By Jim Schutze
By Rachel Watts
By Lauren Drewes Daniels
By Anna Merlan
By Lee Escobedo
By Eric Nicholson
The widespread preference for God-based explanations over the empirical can be blamed on the emotional shortcomings of science, Wilson says. Science is bloodless. It lacks the poetry of affirmation woven into religion and fails to satiate the deep cravings for immortality and the transcendent.
Certainly there are theistic evolutionists. The Roman Catholic Church and the Lutheran World Federation, among other religious organizations, have issued statements acknowledging the evidence for evolution and its compatibility with faith.
Yet most of the religiously faithful, if polls are to be believed, seem to care not a whit for the mounting evidence supporting scientific explanations for the universe and the existence of varied life forms. According to a March 2007 Newsweek poll, 91 percent of Americans profess belief in God while a tiny 3 percent self-identify as atheist. Fully 48 percent of those polled reject evolutionary theory out of hand while 73 percent of evangelical Protestants, 39 percent of non-evangelical Protestants and 41 percent of Catholics do so, holding that God created humans in their present form less than 10,000 years ago.
"We're not hiding the fact that we think the biblical account is accurate," Heffner says. "But we hope to show the scientific evidence from secular sources [disproving evolution] that is buried...In fact [evolution] is so deeply entrenched that some suggest it's not going to die out until this generation of older scientists, that are swallowing it and pushing it, are gone."
Such widely held beliefs infuriate evangelical atheists. Sam Harris points out that the idea of such a young earth means it was created right around the time the Sumerians invented glue. "Our country now appears, as at no other time in her history, like a lumbering, bellicose, dim-witted giant," he writes in Letter to a Christian Nation.
Entering this thicket of agitated atheism is University of Colorado philosopher and physicist Victor Stenger, whose recent book God: The Failed Hypothesis has climbed the lower rungs of The New York Times' best-seller list. Stenger stresses that the central conflict is not between creationism and evolution. "It's between reason and superstition," he said in an interview just after the publication of his book.
Arguments such as Varghese's are eminently refutable, Stenger says. The physical laws governing the universe are not a framework sprung from a supernatural source. They are human inventions, mathematical models used to describe observations. "[T]he most fundamental laws of physics are not restrictions on the behavior of matter," he writes in God. "Rather they are restrictions on the way physicists may describe that behavior." Stenger believes scientific investigation will ultimately explain consciousness, free will, thought, self-awareness and the other phenomena Varghese attributes to infinite mind. "There is no reason that we can see now, from the study of the brain, that would require you to introduce any immaterial element," he says.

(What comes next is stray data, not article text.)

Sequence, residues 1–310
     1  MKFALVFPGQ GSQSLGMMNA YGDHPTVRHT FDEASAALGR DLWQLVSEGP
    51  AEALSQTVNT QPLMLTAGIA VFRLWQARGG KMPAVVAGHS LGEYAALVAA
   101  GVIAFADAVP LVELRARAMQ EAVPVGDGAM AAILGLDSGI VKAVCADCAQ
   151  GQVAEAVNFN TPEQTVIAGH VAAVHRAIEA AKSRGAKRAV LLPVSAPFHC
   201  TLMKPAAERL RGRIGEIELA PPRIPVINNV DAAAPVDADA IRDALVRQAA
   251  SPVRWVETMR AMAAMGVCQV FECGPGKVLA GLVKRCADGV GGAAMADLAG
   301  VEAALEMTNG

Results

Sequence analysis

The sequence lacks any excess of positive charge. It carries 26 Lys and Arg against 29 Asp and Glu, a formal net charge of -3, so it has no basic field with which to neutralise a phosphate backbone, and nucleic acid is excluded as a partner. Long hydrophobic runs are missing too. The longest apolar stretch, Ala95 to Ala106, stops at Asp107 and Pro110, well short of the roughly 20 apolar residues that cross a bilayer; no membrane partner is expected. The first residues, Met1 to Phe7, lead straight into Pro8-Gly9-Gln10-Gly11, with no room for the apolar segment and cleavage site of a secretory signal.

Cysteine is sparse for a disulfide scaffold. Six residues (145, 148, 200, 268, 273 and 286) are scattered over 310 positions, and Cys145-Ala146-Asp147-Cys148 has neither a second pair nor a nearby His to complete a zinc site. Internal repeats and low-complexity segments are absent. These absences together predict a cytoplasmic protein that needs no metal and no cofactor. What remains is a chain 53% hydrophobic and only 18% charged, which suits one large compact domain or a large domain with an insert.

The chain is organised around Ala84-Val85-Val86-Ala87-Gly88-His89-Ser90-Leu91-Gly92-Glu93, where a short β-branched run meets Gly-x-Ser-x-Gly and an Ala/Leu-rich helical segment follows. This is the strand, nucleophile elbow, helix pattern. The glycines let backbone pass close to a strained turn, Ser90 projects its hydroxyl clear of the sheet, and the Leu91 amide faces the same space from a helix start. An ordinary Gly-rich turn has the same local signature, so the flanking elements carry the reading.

Stenger speculates free will may be nothing more than the brain interacting with radiation both from external cosmic rays and potassium in the blood. Self-consciousness may be an evolutionary coping mechanism whereby little stories are formulated in memory to help the human brain make sense of and digest the stream of step-by-step calculations it rapidly performs continuously.
Yet as much as these books construct logical arguments against the existence of God, they are also screeds against the texts that inform religious faith and the apparent ignorance among the faithful of what is actually written in these texts. Writes Dawkins: "The oldest of the three Abrahamic religions, and the clear ancestor of the other two, is Judaism: originally a tribal cult of a fiercely unpleasant God, morbidly obsessed with sexual restrictions, with the smell of charred flesh, with his own superiority over rival gods and with the exclusiveness of his own chosen desert tribe."
As a text for establishing moral rectitude, the Bible is an abysmal failure. The Old Testament God is a violent tyrant who repeatedly condones—even commands—pillaging, slavery and genocide. God demands a man be stoned to death for gathering sticks on the Sabbath. He seemingly turns a blind eye to aberrant behaviors among his faithful including incest, the seeding of offspring among family servants and the offering up of wives and daughters as sexual favors.
As a source of prophecy, the Bible is equally derelict, these books argue. The famous prophecy in Isaiah 7:14 foretelling the virgin birth of the messiah is widely accepted among Hebrew scholars as a mistranslation of the Hebrew word for young woman (almah) into the Greek word for virgin (parthenos). In essence, the Gospels were jury-rigged to fulfill a prophecy based on an error. Equally confounding, points out Dawkins at least, is the establishment in the New Testament of Joseph, Jesus' father, as a descendant of King David to fulfill Old Testament prophecy that the messiah would emerge from the line of David. If Mary was indeed a virgin, Joseph's ancestry is irrelevant to Jesus' genealogy. Dawkins' conclusion: The Bible contains no compelling truths to substantiate its legitimacy as a source of timeless moral principles or of special revelation.